YOU ARE HERE: LAT HomeCollections

O.C. Eats

Choose Your Accent

At Saigon Bistro in Westminster, French and Vietnamese cuisines coexist on the menu. In some dishes, the flavors even mingle.


Any ethnic food buff worth his banh mi knows there are plenty of Vietnamese restaurants in Orange County. Little Saigon has a vast range of places, from simple delis and hole-in-the wall restaurants to grand dinner houses.

But for reasons I don't pretend to understand, not many of them represent the French Vietnamese cuisine that developed in the early 20th century when Vietnam was a French colony.

That's a shame. The collision--"mingling" is a kinder word--of the two food cultures was an early form of what we now call Asian fusion, melding continental fundamentals with Asian cooking techniques and ingredients. Saigon Bistro in Westminster is one restaurant that, for the most part successfully, brings the two together.

Actually, it mostly works both sides of the street separately. A lot of dishes are straightforward French. There's also hard-core Vietnamese food here. Above all, the menu, while spotty in places, offers a variety of dishes at extremely reasonable prices.

The restaurant itself is a comfortable place of wicker chairs, soothing decorative art and white table cloths, with a red flower on each table. The atmosphere is hushed but not uptight, and garlic lovers will be especially pleased with the menu.

The hors d'oeuvre list shows something of this restaurant's versatility. Frog legs come in a generous portion, breaded in flour and cornmeal and served with a container of salt and pepper. The legs are a little chewy, but they tread that fine line of flavor between chicken and seafood that either appeals to you or doesn't. It does (and did) to me.

Continuing in the realm of slithery things, there's a somewhat odd rendition of escargot that is appealing though peculiar. A half a dozen snails are smothered by a voluminous mound of toasted, buttery bread crumbs loaded with finely chopped sauteed garlic. The escargot themselves almost become subordinate to the bread (as meat is subordinated to rice in Asian cookery), but the result is satisfying.

I wasn't as keen on the fried calamari. They're served with large chunks of lightly cooked green bell pepper, but the seafood is all but lost beneath its thick layer of batter.

The spring rolls and the imperial rolls are remarkably good. The former is a fairly standard treatment: Chilled vermicelli, shrimp, bean sprouts and other ingredients are wrapped in rice paper and served with a tangy peanut sauce. The freshness of the ingredients makes them a hit. The imperial rolls, filled with ground pork, shrimp and noodles and deep-fried, burst with flavor.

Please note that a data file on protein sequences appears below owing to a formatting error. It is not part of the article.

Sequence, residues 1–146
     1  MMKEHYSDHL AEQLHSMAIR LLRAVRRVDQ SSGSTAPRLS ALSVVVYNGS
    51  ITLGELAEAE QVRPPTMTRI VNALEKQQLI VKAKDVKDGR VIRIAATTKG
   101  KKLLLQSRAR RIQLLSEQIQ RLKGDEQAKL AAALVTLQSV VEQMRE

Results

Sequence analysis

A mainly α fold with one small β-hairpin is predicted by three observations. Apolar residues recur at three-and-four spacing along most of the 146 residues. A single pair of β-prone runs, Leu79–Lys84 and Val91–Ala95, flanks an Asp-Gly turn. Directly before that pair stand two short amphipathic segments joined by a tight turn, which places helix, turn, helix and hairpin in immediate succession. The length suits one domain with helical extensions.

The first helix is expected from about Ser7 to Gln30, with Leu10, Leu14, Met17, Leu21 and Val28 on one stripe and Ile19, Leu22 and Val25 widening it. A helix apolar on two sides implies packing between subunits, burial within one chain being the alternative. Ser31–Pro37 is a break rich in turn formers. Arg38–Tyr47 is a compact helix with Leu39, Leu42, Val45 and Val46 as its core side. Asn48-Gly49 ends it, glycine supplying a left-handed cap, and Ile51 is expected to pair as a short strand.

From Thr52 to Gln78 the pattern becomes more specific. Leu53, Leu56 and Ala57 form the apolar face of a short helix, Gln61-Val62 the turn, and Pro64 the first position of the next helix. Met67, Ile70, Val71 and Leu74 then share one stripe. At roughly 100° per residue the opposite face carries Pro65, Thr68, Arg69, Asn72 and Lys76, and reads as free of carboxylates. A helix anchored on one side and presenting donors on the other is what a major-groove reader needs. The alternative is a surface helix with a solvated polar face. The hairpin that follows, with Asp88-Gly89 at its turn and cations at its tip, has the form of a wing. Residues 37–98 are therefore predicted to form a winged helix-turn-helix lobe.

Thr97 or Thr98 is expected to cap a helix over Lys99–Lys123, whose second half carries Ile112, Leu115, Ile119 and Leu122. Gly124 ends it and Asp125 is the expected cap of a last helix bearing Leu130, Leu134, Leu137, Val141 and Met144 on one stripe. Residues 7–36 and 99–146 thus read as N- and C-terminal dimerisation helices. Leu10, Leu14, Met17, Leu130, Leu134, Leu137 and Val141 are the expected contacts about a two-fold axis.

French onion soup gratinee is something of a signature dish at Saigon Bistro. It's a fairly classic version, served in a small crock. A molten cap of Gruyere cheese hovers over the lovely mushiness of a crusty slice of bread swimming in a flavorful beef broth.

The Saigon Bistro rice noodle soup is perhaps its Asian counterpart, a generous tangle of rice vermicelli in a chickeny broth, mixed with shrimp and small slabs of pork. You toss in bean sprouts and chopped green chiles to taste. It's delightful.

The lobster bisque, on the other hand, is over-thickened and too heavy with cream--it barely hints of lobster flavor. The turtle soup, meanwhile, is a rustic concoction full of oddly shaped chunks of turtle meat.

One Vietnamese dish that's definitely worth trying is the rice in a clay pot. It's a melange of barbecued pork, chicken, shrimp and rice, topped with a mound of caramelized onions and black mushrooms. As the dish bakes, the rice forms a crunchy bottom layer that gives the dish an enjoyable textural dimension.

I particularly liked the Saigon Bistro grilled fish, which is chunks of lightly breaded catfish pungent with garlic and served on cold vermicelli--a typically Vietnamese contrast of hot and cold ingredients. The filet mignon is a nice hunk of meat, rubbed with salt and pepper, wrapped in bacon and grilled. At $11.95, it's a bargain.

If you're used to Thai or Indian curry, you might find the Bistro's rendition a somewhat jarring change of pace. I certainly did. It goes easy on the coconut milk and is thickened with cornstarch, but as the slow-building heat kicked in, I found it growing on me. I had the seafood version, which seemed a bit fishy for this treatment, and if I were to order the curry again I'd probably go with the shrimp or pork option (if you're adventurous, there's also goat).

You can tease your taste buds with a number of exotic beverages here, but some are surely an acquired taste. I'm thinking of the preserved lime drink, in which pieces of salted lime skulk at the bottom of a glass of sugary water. It has a slightly salty aftertaste that takes a little getting used to, but I must admit that once you do, it's refreshing.

For dessert, the banana flambe is good fun and will certainly satisfy your sweet tooth. As for the flan, a couple of my guests criticized its mushy texture, but I liked the contrast between the sweetness of the custard and slight bitterness of the caramel syrup.

* Saigon Bistro, 15470 Magnolia St., Westminster. Daily, 10 a.m.-10 p.m., except Wednesdays, when it closes at 4 p.m. Appetizers and soups: $2.95 to $10.95. Entrees: $4.95 to $11.95. Beer and wine. (714) 895-2120.

Los Angeles Times Articles